Experimental analysis RIGADO R41Z Eval Board in industrial environment

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Experimental analysis RIGADO R41Z Eval Board in industrial environment

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Contributor IV

Hello everybody,

I am inmerged in a project that involves the experimental analysis of Thread protocol thorugh the Rigado R41Z Eval Board in industrial environments where we have face inmmunity and interference issues.

I know how to handle the board at user level with CoAP, manage UART consol, program periphericals, etc. At this point I am able to send though CoAP protocol a message froma node to another. But in order to obtain the needed experimental results of the communication performed, I need to know some data from the board and network:

  • The full frame of the message sent between nodes.
  • The number of hops performed when I send a message from a node to another.
  • Path routing of the message sent between nodes.
  • What topology or routing path have the Thread architecture at the moment.
  • The MLE advertisement containing the path costs between routers.
  • The RSSI between nodes.

To sum up all the relevant information used to characterizate the communication in Thread.

The idea is to place some kind of instrument emitting interference near a node and see in real time the new routing path choosed in the Thread network to solve the interference problem, how many hops performs the node now, the new path costs, etc.

Can I obtain this information from the user application? Is the info located somewhere of the R41Z's Thread Stack? Do I need to use Wireshark to analyze the network? What I need to do to obtain the info?

Thanks in advance,

Diego Comin

1 Solution
24 Views
NXP Employee
NXP Employee

Hi Diego,

Here's some feedback.

- At PHY level in code, you can debug the actual frame to be sent OTA (Over The Air) in the "PhyPdDataRequest()" from the PhyPlmeData.c file. But it will probably be hard to analyze as it will be encrypted by the network layer from Thread.

I'd recommend you to look at a sniffer capture using Ubiqua Protocol Analyzer or Wireshark. You will also require an sniffer like the USB-KW41Z. You should be able to see something like this:

pastedImage_2.png

- You can verify the number of hops left from a packet in the 6LoWPAN header. See below an ICMPv6 echo request from a node that will require 2 hops to reach its destination:

pastedImage_6.png

- The path a packet takes to reach its destination is dynamic and will depend on Thread topology and link costs, you can also use the sniffer to trace the route taken by a packet to reach its destination. Just follow the IP address and MAC address to identify the hops that the packet will be taking. See image for reference.

- Thread uses a MESH topology.

- See the sniffer logs to analyze MLE advertisements or use the shell and type "thr get neighbors" and "thr get routes" to see the L2 links of the current device.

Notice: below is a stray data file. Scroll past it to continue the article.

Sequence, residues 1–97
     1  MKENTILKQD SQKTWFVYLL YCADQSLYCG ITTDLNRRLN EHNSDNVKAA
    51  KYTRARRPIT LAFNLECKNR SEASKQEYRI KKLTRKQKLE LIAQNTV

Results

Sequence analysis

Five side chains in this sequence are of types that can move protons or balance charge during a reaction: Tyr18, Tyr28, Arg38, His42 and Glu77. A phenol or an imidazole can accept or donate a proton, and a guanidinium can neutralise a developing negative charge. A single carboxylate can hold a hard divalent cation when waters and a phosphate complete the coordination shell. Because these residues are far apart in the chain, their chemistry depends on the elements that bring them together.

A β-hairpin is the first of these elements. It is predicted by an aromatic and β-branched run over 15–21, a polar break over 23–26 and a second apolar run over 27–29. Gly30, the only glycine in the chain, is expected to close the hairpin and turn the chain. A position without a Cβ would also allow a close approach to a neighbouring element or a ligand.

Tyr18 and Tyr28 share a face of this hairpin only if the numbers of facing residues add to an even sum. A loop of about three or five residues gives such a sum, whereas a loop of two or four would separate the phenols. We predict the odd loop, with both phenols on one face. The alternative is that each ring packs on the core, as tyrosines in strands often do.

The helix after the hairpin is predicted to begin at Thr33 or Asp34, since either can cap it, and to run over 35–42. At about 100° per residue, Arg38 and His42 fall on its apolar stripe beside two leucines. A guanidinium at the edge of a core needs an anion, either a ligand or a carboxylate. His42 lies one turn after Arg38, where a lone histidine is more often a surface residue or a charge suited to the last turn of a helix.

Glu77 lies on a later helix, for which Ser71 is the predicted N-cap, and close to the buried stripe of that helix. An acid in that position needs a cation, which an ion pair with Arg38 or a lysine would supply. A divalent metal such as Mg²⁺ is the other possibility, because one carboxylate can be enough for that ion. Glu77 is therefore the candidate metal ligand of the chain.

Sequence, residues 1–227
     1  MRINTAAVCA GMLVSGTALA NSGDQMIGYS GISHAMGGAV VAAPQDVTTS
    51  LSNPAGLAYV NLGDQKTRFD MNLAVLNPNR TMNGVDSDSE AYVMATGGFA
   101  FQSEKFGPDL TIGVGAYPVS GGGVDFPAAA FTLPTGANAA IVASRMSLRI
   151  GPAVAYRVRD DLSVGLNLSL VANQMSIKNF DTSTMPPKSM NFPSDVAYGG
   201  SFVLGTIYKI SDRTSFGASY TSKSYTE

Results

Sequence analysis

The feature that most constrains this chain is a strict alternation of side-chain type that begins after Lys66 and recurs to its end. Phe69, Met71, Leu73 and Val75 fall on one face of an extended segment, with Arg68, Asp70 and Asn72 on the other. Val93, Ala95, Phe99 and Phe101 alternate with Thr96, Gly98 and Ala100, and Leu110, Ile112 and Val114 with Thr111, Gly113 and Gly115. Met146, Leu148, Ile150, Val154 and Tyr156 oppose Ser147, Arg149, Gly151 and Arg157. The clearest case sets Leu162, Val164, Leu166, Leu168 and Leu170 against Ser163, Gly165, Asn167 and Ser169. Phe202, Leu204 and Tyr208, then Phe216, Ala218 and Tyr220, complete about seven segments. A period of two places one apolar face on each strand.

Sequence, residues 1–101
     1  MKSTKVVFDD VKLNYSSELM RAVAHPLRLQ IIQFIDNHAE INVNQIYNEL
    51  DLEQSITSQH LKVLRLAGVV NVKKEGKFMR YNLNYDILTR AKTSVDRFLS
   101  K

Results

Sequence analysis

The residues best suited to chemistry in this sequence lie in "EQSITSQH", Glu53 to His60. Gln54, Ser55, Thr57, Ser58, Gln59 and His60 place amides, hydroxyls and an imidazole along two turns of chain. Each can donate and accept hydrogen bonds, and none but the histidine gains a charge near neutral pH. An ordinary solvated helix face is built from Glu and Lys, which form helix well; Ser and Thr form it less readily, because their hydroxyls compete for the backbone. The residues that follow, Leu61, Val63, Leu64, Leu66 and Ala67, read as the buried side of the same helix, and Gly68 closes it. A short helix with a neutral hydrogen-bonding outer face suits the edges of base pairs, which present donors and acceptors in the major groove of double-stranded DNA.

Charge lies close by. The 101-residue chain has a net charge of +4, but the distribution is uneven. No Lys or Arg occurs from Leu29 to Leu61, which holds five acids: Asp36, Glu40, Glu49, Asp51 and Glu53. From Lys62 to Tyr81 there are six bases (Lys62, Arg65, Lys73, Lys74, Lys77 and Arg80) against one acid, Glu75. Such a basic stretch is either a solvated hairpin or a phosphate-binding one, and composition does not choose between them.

pastedImage_1.png

- The RSSI of a given packet can be seen in the sniffer capture from Ubiqua, see the Frame Information section (see first image). In code, you can obtain the RSSI of the last received packet with the PhyGetLastRxRssiValue() function.

Please refer to Thread 1.1 Specifications for details about Thread stack's expected behavior.

Hope this helps.

Regards,

JC

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3 Replies
25 Views
NXP Employee
NXP Employee

Hi Diego,

Here's some feedback.

- At PHY level in code, you can debug the actual frame to be sent OTA (Over The Air) in the "PhyPdDataRequest()" from the PhyPlmeData.c file. But it will probably be hard to analyze as it will be encrypted by the network layer from Thread.

I'd recommend you to look at a sniffer capture using Ubiqua Protocol Analyzer or Wireshark. You will also require an sniffer like the USB-KW41Z. You should be able to see something like this:

pastedImage_2.png

- You can verify the number of hops left from a packet in the 6LoWPAN header. See below an ICMPv6 echo request from a node that will require 2 hops to reach its destination:

pastedImage_6.png

- The path a packet takes to reach its destination is dynamic and will depend on Thread topology and link costs, you can also use the sniffer to trace the route taken by a packet to reach its destination. Just follow the IP address and MAC address to identify the hops that the packet will be taking. See image for reference.

- Thread uses a MESH topology.

- See the sniffer logs to analyze MLE advertisements or use the shell and type "thr get neighbors" and "thr get routes" to see the L2 links of the current device.

pastedImage_1.png

- The RSSI of a given packet can be seen in the sniffer capture from Ubiqua, see the Frame Information section (see first image). In code, you can obtain the RSSI of the last received packet with the PhyGetLastRxRssiValue() function.

Please refer to Thread 1.1 Specifications for details about Thread stack's expected behavior.

Hope this helps.

Regards,

JC

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Contributor IV

Thanks a lot JC! I am now using the USB-KW41Z as sniffer and I am able to trace all the Thread variables I need. 

pastedImage_1.png

In my case I used a Host_controlled_device connected to my Raspberry Pi with a TAP interface to perform as a Border Router but Ubiqua does not recognize it as the Border Router (it actually recognize it as a normal Router), it is normal?

Regards,

Diego Comin

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24 Views
NXP Employee
NXP Employee

Yes, it's expected

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